I grew up saying the pledge of allegiance in class each day in elementary school and at assemblies, games and civic events throughout high school and college. Yet from the time I was old enough to think about it, I felt vaguely uncomfortable about the pledge. Though it is not explicitly religious, reciting it always had a liturgical feel. We were required to take off our hats, place our hands on our hearts and focus our gaze on the flag. “I pledge allegiance to the flag…and to the republic for which it stands…” It was very much like reciting the Apostles Creed in church-except we were not in church and we were not all Christians. Perhaps that was the point. As different as we all were in terms of our faith (or no faith) traditions, we were nevertheless united in this “pledge of allegiance” to one nation under god (whichever one that might have been). If this wasn’t religion, it sure felt like it. Consequently, it was a little unsettling for a strict Missouri Synod Lutheran like me raised to believe that one ought not to be involved in synchronistic worship.
In spite of these misgivings, however, I could still justify the pledge on a very high level of abstraction. We all have worldly loyalties and commitments of varying degrees solemnized by a formal statement of some kind. I pledged to be faithful to my wife until death parts us. When I took out my first mortgage, I signed a pledge to the bank that I would make the all the payments in a timely fashion as spelled out in the note. Clearly, I am obliged to share with my fellow citizens the expense of government that provides the many services and protections making our shared life together possible. So, what is wrong with articulating this shared civil commitment in a verbal pledge?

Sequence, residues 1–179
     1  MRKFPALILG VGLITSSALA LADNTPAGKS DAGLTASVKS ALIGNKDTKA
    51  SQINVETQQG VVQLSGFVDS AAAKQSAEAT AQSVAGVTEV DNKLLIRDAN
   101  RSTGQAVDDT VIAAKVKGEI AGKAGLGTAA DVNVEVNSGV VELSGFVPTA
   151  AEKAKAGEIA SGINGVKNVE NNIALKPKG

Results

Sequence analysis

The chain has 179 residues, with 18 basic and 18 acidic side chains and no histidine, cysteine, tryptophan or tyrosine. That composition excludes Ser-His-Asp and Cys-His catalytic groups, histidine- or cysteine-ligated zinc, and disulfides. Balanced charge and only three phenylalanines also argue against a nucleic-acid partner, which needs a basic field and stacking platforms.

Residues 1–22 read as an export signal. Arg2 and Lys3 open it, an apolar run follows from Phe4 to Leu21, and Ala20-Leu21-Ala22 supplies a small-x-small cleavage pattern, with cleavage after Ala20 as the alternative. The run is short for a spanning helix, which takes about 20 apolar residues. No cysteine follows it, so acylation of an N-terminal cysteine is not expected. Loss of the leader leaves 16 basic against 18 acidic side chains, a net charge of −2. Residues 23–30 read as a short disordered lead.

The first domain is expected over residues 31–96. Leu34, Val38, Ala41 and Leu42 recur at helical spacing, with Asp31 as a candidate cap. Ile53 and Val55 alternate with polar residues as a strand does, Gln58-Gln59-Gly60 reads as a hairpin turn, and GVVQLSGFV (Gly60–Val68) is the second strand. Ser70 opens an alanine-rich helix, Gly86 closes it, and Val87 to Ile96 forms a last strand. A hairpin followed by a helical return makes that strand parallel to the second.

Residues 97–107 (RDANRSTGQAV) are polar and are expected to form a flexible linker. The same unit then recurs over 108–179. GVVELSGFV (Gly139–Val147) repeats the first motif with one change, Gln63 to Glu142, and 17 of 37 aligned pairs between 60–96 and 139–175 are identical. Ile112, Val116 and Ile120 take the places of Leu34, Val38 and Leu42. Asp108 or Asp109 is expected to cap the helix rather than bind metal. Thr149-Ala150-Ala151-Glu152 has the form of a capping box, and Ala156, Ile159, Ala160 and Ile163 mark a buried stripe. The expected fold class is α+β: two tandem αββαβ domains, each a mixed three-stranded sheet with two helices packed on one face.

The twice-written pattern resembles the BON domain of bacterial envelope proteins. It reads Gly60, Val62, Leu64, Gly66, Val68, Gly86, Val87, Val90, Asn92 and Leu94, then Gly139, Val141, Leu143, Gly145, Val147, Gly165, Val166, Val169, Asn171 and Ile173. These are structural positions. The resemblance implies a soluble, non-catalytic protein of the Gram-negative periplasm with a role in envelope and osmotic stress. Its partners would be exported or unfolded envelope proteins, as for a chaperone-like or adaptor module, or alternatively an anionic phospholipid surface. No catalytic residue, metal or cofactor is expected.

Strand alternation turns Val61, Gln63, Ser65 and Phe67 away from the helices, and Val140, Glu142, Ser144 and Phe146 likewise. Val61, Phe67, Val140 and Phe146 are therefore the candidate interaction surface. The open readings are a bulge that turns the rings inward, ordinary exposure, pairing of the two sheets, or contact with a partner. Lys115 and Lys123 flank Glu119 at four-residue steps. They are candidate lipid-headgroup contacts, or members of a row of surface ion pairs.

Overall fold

If that is all there were to it, I could live with the pledge of allegiance. But I am no longer convinced that the pledge is a benign recital of civic duty. It purports to demand much more. Allegiance, as defined by Mirriam Webster, is first and foremost the obligation of a feudal vassal to his liege lord. It harkens back to a medieval social arrangement under which peasants were obliged to live on their lord’s land and give him homage, labor, and a share of the produce in exchange for military protection. With the rise of nationalism, this duty of allegiance was transferred to the nation state. Like the liege lord, the state commands obedience and a willingness on the part of its citizens to kill and die for it. Nations, whatever form they may take, all have one common denominator: they are the sole agents authorized to take human life. Homicide is not murder when committed under color of law by appropriate authorities. In this respect, the state usurps the prerogative of God. That alone should cause us to wonder whether it is appropriate for a disciple of Jesus to pledge unconditional loyalty of this kind to any state.